I wanted to see how members on here felt about NIST new draft of password policy suggestion.
What’s new ?
What are the major differences between current received wisdom about “secure passwords” and what NIST is now recommending?
Some of the recommendations you can probably guess; others may surprise you.
We’ll start with the things you should do.
Favor the user. To begin with, make your password policies user friendly and put the burden on the verifier when possible.
In other words, we need to stop asking users to do things that aren’t actually improving security.
Much research has gone into the efficacy of many of our so-called “best practices” and it turns out they don’t help enough to be worth the pain they cause.
Size matters. At least it does when it comes to passwords. NIST’s new guidelines say you need a minimum of 8 characters. (That’s not a maximum minimum – you can increase the minimum password length for more sensitive accounts.)
Better yet, NIST says you should allow a maximum length of at least 64, so no more “Sorry, your password can’t be longer than 16 characters.”
Applications must allow all printable ASCII characters, including spaces, and should accept all UNICODE characters, too, including emoji!
This is great advice, and considering that passwords must be hashed and salted when stored (which converts them to a fixed-length representation) there shouldn’t be unnecessary restrictions on length.
We often advise people to use passphrases, so they should be allowed to use all common punctuation characters and any language to improve usability and increase variety.
Check new passwords against a dictionary of known-bad choices. You don’t want to let people use ChangeMe, thisisapassword, yankees, and so on.
More research needs to be done into how to choose and use your “banned list,” but Jim Fenton thinks that 100,000 entries is a good starting point.
Now for all the things you shouldn’t do.
No composition rules. What this means is, no more rules that force you to use particular characters or combinations, like those daunting conditions on some password reset pages that say, “Your password must contain one lowercase letter, one uppercase letter, one number, four symbols but not &%#@_, and the surname of at least one astronaut.”
Let people choose freely, and encourage longer phrases instead of hard-to-remember passwords or illusory complexity such as pA55w+rd.
No password hints. None. If I wanted people have a better chance at guessing my password, I’d write it on a note attached to my screen.
People set password hints like rhymes with assword when you allow hints. (Really! We have some astonishing examples from Adobe’s 2013 password breach.)
Knowledge-based authentication (KBA) is out. KBA is when a site says, “Pick from a list of questions – Where did you attend high school? What’s your favourite football team? – and tell us the answer in case we ever need to check that it’s you.”
No more expiration without reason. This is my favourite piece of advice: If we want users to comply and choose long, hard-to-guess passwords, we shouldn’t make them change those passwords unnecessarily.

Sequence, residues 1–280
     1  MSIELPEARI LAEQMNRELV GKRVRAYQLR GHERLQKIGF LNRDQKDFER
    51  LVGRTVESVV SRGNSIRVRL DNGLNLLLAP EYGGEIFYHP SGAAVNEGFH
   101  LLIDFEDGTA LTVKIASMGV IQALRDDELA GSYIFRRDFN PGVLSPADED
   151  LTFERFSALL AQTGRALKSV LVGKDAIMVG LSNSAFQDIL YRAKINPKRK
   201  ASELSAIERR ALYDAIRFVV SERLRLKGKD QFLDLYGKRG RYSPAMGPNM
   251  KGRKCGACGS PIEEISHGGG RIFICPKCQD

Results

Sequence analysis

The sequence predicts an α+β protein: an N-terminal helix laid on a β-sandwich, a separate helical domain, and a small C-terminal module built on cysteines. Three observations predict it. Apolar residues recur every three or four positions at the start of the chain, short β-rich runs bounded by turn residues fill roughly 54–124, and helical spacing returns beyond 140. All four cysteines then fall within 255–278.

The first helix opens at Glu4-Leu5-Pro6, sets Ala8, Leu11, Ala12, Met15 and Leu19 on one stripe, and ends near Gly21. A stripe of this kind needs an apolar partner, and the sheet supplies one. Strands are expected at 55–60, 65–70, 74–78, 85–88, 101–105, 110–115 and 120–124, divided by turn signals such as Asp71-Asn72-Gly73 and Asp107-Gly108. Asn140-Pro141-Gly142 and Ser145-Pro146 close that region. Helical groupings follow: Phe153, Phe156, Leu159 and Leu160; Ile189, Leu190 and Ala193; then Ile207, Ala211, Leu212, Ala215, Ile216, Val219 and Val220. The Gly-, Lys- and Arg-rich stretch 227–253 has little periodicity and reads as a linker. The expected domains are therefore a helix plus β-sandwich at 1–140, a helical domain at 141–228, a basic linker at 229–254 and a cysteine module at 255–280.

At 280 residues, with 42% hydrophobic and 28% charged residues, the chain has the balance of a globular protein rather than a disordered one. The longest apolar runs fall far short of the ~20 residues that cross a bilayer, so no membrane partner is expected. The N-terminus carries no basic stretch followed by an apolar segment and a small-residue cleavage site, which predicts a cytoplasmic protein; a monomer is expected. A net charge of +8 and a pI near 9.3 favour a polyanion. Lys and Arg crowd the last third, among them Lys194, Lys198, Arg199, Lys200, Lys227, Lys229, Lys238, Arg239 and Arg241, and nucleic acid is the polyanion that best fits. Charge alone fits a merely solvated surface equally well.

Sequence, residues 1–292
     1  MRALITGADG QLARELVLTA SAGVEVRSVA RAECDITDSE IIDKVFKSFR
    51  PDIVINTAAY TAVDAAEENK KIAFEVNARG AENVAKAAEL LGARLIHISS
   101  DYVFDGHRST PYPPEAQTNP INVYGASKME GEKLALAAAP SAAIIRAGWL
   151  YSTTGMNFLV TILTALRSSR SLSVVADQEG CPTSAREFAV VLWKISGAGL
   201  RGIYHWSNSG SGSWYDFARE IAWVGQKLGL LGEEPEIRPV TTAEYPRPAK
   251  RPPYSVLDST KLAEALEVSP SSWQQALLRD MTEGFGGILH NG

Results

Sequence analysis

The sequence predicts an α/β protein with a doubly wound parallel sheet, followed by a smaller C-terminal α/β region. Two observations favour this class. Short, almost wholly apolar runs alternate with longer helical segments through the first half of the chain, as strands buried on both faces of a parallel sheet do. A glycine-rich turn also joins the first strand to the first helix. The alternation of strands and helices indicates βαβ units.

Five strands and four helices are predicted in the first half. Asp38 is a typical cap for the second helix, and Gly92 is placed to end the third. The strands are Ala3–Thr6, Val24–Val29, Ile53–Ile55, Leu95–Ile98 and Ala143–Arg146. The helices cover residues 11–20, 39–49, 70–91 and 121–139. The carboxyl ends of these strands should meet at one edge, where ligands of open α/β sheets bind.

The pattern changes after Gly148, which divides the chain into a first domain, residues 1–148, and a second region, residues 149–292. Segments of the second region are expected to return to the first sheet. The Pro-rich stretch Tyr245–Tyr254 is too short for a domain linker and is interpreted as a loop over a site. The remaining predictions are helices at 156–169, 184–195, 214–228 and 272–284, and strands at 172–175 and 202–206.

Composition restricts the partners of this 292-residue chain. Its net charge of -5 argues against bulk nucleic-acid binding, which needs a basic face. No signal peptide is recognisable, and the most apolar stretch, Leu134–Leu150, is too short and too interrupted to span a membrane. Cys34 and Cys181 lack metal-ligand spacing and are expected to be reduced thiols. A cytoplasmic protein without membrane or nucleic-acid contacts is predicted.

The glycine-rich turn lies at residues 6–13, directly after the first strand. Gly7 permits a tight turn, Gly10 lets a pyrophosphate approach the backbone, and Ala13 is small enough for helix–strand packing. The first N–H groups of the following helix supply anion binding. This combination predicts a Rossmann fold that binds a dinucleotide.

The only time passwords should be reset is when they are forgotten, if they have been phished, or if you think (or know) that your password database has been stolen and could therefore be subjected to an offline brute-force attack.
NIST also provides some other very worthwhile advice.
All passwords must be hashed, salted and stretched, as we explain in our article How to store your users’ password safely.
You need a salt of 32 bits or more, a keyed HMAC hash using SHA-1, SHA-2 or SHA-3, and the “stretching” algorithm PBKDF2 with at least 10,000 iterations.
I think this is a great step. The 90 day rotation only made users change the base of their password append with a date or numerical number. Example, TH!S1sMYp2ssw0rd1, THIS1sMYp2ssw0rd2, etc. Once the base of the password was figured out or phished, gaining access is easier.
I still educate my users on passphrases and why they better as a password substitute but our policy (and compliance) rules make it hard to use a nice passphrase.
I have also educated my users on password management solutions. This allows for a long passphrase as the master password that bypasses local policy restrictions. Local solutions work well if you have an office that you will always log into at work. The database for this solution should be stored on a network share for data redundancy. Also, Cloud solutions are acceptable if you have a user who is on the move or never logs in from the same device. I would only caution that your Cloud solution encrypts the data and either you hold the decrypt key or have it part of your master password.
Auditors dont know everything and if they push back and if you state that you align with NIST CSF hit them with NIST Special Publication 800-63 Rev 3, Digital Identity Guidelines
While all good suggestions, why has nobody mentioend password managers?